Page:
Is it time to flee to safety? With the economic and political climates only becoming more tumultuous I have been concentrating on high yield equities recently. We all know about the blue chip dividend companies but there are attractive companies with high yields that are going ex-dividend every week. This strategy can work in one of two ways: either you buy before the ex-date to receive the dividend or buy after if the stock declines far below the after-tax amount of the dividend.
Buying the stock to receive the dividend is intuitive but many have contacted me requesting further details on the second strategy. Investopedia has a great example of how this works. To explain this, I will use AT&T (T) as an example. AT&T declared a $.44 dividend to shareholders of record on January 10th, 2012. On the ex-dividend date the stock price should decline by the after-tax dividend amount, with an assumed tax rate of approximately 15% because many dividends qualify for a preferential tax rate.
As a result, an investor would expect the stock price to decline by $.37 = [$.44 * (1-.15)]. If AT&T declined by more than $.37 in the absence of negative news you might have an attractive opportunity. Executing this strategy can generate outsized returns over short periods of times but should only be performed on companies that you would be comfortable owning.
To focus on these opportunities I ran a screen with a focus on relative safety for the investments. Since this is a high yield quest I began with a specification of a dividend yield greater than four percent and an ex-dividend date within the next week. To provide some layer of safety I narrowed down the environment by looking at companies with market capitalizations greater than $1B, P/Es between zero and twenty, and institutional holding percentage of at least twenty-five percent. While not a precise requirement, I prefer companies that have underperformed the S&P 500 in the last 52 weeks as it indicates limited downside relative to peers. This is summarized below:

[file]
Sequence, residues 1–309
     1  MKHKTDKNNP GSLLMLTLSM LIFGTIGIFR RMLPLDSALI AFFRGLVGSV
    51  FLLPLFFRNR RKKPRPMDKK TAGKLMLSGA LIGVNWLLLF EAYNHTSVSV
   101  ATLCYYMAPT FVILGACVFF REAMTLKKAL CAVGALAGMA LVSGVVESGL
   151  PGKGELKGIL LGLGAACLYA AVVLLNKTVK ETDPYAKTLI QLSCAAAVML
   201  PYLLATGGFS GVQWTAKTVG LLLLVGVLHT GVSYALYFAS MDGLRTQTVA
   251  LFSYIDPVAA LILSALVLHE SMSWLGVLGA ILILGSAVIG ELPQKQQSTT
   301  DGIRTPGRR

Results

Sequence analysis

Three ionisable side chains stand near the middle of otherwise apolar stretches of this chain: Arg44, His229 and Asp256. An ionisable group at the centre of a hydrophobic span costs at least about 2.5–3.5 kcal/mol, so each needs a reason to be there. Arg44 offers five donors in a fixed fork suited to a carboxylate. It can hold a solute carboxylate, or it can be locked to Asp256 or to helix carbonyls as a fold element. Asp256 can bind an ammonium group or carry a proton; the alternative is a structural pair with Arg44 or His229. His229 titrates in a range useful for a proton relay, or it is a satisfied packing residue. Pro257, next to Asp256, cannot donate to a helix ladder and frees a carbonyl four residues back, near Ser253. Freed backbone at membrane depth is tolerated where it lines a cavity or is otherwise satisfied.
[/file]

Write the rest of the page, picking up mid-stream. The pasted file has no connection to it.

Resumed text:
- Dividend Yield ≥ 4.0%
- Ex-Dividend Date = Next Week
- Market Capitalization ≥ $1B
- P/E Ratio: 0-20
- Institutional Ownership ≥ 25%
After applying this screen I arrived at the companies discussed below. Although I envision these as short-term trading ideas, you still need to be careful. The information presented below should simply be a starting point for further research and should not be taken as a recommendation.
Consider: Electrical Utilities
Entergy Corporation (ETR): 4.79% Yield - Ex-Dividend 2/7
American Electric Power Company (AEP): 4.75% Yield - Ex-Dividend 2/8
CMS Energy Corporation (CMS): 4.36% Yield - Ex-Dividend 2/8
TECO Energy (TE): 4.86% Yield - Ex-Dividend 2/9
These four companies are utility companies that produce energy in the United States. While slight geographical differences exist for regional utilities, the underlying business is essentially the same: a stable, cash-cow business that returns most profits to investors via dividends. I have successfully owned utility companies in the northeast US.